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Beatrice Quimby's biggest problem was her little sister Ramona. Beatrice, or Beezus (as everyone called her, because that was what Ramona had called her when she first learned to talk), knew other nine-year-old girls who had little sisters who went to nursery school, but she did not know anyone with a little sister like Ramona.
Beezus felt that the biggest trouble with four-year-old Ramona was that she was just plain exasperating. If Ramona drank lemonade through a straw, she blew into the straw as hard as she could to see what would happen. If she played with her finger paints in the front yard, she wiped her hands on the neighbors' cat. That was the exasperating sort of thing Ramona did. And then there was the way she behaved about her favorite book.
It all began one afternoon after school when Beezus was sitting in her father's big chair embroidering a laughing teakettle on a pot holder for one of her aunts for Christmas. She was trying to embroider this one neatly, because she planned to give it to Aunt Beatrice, who was Mother's younger sister and Beezus's most special aunt.
With gray thread Beezus carefully outlined the steam coming from the teakettle's spout and thought about her pretty young aunt, who was always so gay and so understanding. No wonder she was Mother's favorite sister. Beezus hoped to be exactly like Aunt Beatrice when she grew up...
"I am not a pest," Ramona Quimby told her big sister Beezus.
"Then stop acting like a pest," said Beezus, whose real name was Beatrice. She was standing by the front window waiting for her friend Mary Jane to walk to school with her.
"I'm not acting like a pest. I'm singing and skipping," said Ramona, who had only recently learned to skip with both feet. Ramona did not think she was a pest. No matter what others said, she never thought she was a pest. The people who called her a pest were always bigger and so they could be unfair.
Ramona went on with her singing and skipping. "This is a great day, a great day, a great day!" she sang, and to Ramona, who was feeling grown-up in a dress instead of play clothes, this was a great day, the greatest day of her whole life. No longer would she have to sit, on her tricycle watching Beezus and Henry Huggins and the rest of the boys and girls in the neighborhood go off to school. Today she was going to school, too. Today she was going to learn to read and write and do all the things that would help her catch up with Beezus.
"Come on, Mama!" urged Ramona, pausing in her singing and skipping. "We don't want to be late for school."
"Don't pester, Ramona," said Mrs. Quimby. "I'll get you there in plenty of time."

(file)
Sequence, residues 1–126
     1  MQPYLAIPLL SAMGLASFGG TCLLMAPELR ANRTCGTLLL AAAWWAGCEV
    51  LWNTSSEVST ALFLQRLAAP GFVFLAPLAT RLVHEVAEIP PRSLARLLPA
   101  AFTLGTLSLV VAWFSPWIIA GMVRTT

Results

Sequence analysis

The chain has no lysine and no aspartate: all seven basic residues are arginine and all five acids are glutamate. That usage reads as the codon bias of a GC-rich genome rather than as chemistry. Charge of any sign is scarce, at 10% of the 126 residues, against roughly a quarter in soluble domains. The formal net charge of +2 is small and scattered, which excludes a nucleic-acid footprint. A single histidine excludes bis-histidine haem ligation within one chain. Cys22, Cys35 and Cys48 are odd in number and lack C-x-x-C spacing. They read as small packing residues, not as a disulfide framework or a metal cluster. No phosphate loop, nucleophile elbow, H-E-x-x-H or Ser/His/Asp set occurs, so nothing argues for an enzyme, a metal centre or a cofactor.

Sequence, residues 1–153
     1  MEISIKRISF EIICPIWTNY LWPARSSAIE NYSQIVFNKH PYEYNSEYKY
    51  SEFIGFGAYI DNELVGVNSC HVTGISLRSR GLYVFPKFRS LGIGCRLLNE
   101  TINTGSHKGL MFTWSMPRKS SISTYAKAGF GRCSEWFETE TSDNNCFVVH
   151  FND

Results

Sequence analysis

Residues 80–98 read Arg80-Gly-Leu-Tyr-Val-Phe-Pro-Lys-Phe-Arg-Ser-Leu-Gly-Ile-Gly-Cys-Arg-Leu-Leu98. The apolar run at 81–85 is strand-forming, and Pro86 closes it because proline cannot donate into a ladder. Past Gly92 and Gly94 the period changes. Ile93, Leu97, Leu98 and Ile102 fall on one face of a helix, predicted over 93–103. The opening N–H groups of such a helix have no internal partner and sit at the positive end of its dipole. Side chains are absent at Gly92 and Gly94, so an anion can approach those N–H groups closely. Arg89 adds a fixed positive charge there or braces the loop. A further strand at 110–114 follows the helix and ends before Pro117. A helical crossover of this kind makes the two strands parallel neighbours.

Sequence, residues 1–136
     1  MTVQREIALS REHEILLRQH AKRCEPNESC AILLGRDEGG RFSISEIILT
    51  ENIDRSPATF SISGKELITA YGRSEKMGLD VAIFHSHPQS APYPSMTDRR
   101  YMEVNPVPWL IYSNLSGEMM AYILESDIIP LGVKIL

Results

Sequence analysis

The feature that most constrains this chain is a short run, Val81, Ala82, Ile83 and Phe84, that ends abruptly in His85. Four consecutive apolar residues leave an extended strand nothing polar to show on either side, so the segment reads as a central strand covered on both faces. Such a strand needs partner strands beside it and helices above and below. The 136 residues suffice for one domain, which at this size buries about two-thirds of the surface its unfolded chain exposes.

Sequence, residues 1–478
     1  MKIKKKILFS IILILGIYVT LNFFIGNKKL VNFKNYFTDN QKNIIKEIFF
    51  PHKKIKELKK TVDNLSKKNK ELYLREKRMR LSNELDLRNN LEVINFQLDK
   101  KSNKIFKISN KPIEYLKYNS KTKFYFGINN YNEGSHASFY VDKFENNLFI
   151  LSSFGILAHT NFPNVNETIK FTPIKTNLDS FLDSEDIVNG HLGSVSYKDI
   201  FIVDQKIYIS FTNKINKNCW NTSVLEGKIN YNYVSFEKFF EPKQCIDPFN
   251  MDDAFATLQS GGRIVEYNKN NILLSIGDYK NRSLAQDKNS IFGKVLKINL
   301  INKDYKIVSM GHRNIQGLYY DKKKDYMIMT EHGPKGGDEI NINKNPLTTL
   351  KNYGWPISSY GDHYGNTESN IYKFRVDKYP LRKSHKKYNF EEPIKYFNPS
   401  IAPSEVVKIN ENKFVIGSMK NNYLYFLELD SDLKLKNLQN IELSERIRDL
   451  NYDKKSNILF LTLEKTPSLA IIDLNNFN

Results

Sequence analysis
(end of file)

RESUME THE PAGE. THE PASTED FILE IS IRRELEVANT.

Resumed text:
Ramona Quimby, brave and fearless, was half running, half skipping to keep up with her big sister Beatrice on their way home from the park. She had never seen her sister's cheeks so flushed with anger as they were this August afternoon. Ramona was sticky from heat and grubby from landing in the sawdust at the foot of the slides, but she was proud of herself. When Mrs. Quimby had sent the girls to the park for an hour, because she had an errand to do -- an important errand, she hinted -- she told Beezus, as Beatrice was called, to look after Ramona.
And what had happened? For the first time in her six years Ramona had looked after Beezus, who was supposed to be the responsible one. Bossy was a better word, Ramona sometimes thought. But not today. Ramona had stepped forward and defended her sister for a change.
"Beezus," said Ramona, panting, "slow down."
Beezus, clutching her library book in her sweaty hand, paid no attention. The clang of rings, the steady pop of tennis balls against asphalt, and the shouts of children grew fainter as the girls approached their house on Klickitat Street.
Ramona hoped their mother would be home from her errand, whatever it was. She couldn't wait to tell what had happened and how she had defended her big sister. Her mother would be so proud, and so would her father when he came home from work and heard the story.
Ramona Quimby hoped her parents would forget to give her a little talking-to. She did not want anything to spoil this exciting day.
"Ha-ha, I get to ride the bus to school all by myself," Ramona bragged to her big sister, Beatrice, at breakfast. Her stomach felt quivery with excitement at the day ahead, a day that would begin with a bus ride just the right length to make her feel a long way from home but not long enough-she hoped-to make her feel carsick. Ramona was going to ride the bus, because changes had been made in the schools in the Quimbys' part of the city during the summer. Glenwood, the girls' old school, had become an intermediate school, which meant Ramona had to go to Cedarhurst Primary School.
" Ha-ha yourself." Beezus was too excited to be annoyed with her little sister. "Today I start high school."
"Junior high school," corrected Ramona, who was not going to let her sister get away with acting older than she really was. "Rosemont Junior High School is not the same as high school, and besides you have to walk."
Ramona had reached the age of demanding accuracy from everyone, even herself. All summer, whenever a grown-up asked what grade she was in, she felt as if she were fibbing when she answered, "third," because she had not . . .The Ramona Collection, Volume 1. Copyright © by Beverly Cleary. Reprinted by permission of HarperCollins Publishers, Inc. All rights reserved. Available now wherever books are sold.
Excerpted from The Ramona Collection, Volume 1: Ramona and Her Father/Ramona the Brave/Ramona the Pest/Beezus and Ramona by Beverly Cleary
All rights reserved by the original copyright owners. Excerpts are provided for display purposes only and may not be reproduced, reprinted or distributed without the written permission of the publisher.